Author Affiliations: Denver Health Medical Center, Denver, Colorado (Dr Peterson) (firstname.lastname@example.org); and University of Colorado Denver, Aurora (Dr Masoudi).
In Reply: Dr McNaughton and colleagues raise several important questions about the optimal approach to assessing and using health literacy in terms of the instrument, the mode of administration, and the optimal cutoff score. We incorporated the 3-question instrument in our study because of existing evidence of validity and the burden of administering more traditional instruments, which are cumbersome outside of the research environment. Approximately 75% of respondents answered the survey in writing; we were not able to validate written responses against an oral administration of the survey. It is conceivable that written responses may misclassify patients with low literacy; however, this differential misclassification would be expected to bias the results toward the null. In a clinical setting, we agree that any literacy assessment would be best administered in person at the bedside, which further justifies a streamlined approach. However, this was not feasible in the context of our study design.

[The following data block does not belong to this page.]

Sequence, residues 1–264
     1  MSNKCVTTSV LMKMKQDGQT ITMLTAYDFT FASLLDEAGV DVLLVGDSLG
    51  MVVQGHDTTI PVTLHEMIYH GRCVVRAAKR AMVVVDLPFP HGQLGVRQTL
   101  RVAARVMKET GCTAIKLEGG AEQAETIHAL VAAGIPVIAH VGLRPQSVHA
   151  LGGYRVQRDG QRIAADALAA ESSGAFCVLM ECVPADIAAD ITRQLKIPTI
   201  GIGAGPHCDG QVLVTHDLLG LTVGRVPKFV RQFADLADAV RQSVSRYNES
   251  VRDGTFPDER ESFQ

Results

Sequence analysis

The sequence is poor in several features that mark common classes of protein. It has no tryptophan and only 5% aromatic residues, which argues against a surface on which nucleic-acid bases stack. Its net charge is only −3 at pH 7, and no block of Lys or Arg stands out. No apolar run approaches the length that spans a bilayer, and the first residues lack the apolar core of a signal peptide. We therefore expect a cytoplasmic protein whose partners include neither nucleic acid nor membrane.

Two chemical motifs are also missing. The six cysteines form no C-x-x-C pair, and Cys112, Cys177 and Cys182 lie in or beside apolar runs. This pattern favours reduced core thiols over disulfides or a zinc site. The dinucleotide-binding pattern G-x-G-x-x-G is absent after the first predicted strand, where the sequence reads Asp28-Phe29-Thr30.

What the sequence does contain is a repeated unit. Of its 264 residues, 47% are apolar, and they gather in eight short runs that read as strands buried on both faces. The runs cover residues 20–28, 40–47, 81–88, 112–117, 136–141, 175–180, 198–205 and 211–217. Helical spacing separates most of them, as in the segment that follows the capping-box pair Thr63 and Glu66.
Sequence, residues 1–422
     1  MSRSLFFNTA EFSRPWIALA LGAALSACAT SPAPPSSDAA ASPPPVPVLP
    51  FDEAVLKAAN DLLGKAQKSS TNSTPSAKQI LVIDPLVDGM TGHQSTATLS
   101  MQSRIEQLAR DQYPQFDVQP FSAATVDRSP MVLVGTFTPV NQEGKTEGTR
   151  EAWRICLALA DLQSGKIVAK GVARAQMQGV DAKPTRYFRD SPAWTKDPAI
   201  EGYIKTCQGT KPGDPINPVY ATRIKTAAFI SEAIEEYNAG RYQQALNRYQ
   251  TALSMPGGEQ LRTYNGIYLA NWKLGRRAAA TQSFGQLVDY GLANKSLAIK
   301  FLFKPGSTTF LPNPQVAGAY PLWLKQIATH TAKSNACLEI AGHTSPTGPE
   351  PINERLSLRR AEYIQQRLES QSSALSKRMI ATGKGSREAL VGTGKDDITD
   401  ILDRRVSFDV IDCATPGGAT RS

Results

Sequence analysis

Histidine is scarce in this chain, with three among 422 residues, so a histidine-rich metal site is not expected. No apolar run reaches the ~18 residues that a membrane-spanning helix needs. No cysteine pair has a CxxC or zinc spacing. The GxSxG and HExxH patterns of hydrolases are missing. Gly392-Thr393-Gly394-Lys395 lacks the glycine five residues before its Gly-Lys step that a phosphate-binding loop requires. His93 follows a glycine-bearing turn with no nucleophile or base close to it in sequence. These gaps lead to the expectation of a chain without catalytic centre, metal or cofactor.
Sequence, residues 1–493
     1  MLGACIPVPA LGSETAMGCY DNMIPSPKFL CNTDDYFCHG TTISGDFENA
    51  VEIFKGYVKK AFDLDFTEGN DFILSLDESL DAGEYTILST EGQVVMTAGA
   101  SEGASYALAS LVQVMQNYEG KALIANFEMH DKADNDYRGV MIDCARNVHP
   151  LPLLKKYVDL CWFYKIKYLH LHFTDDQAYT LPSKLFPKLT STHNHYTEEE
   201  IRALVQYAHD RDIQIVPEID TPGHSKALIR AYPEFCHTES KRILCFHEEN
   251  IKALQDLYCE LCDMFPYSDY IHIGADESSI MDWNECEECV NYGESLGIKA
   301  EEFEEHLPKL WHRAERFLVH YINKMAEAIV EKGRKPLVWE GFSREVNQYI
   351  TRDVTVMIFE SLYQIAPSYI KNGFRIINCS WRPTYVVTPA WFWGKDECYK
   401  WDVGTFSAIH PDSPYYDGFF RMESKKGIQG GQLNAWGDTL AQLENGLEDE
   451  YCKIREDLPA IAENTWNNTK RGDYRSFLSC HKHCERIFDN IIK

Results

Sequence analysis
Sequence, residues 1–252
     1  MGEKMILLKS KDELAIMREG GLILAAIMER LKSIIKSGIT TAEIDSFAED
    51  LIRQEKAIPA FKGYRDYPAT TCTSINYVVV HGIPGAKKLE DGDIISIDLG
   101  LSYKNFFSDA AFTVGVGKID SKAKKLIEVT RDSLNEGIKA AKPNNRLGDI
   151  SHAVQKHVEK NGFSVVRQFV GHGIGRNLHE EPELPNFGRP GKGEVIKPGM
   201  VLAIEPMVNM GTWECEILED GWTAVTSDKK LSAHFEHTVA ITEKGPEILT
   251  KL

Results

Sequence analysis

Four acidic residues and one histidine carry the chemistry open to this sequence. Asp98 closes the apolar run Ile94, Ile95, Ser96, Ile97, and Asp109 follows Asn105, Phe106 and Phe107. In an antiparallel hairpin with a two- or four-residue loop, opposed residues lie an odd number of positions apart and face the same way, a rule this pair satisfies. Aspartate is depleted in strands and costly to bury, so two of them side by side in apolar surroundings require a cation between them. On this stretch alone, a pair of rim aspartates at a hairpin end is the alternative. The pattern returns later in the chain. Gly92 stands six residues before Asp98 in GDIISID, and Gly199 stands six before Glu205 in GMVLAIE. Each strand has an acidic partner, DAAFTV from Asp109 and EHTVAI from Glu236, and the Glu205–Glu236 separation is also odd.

Peterson PN, Masoudi FA. Health Literacy and Patients With Heart Failure—Reply. JAMA. 2011;306(5):489–491. doi:10.1001/jama.2011.1065
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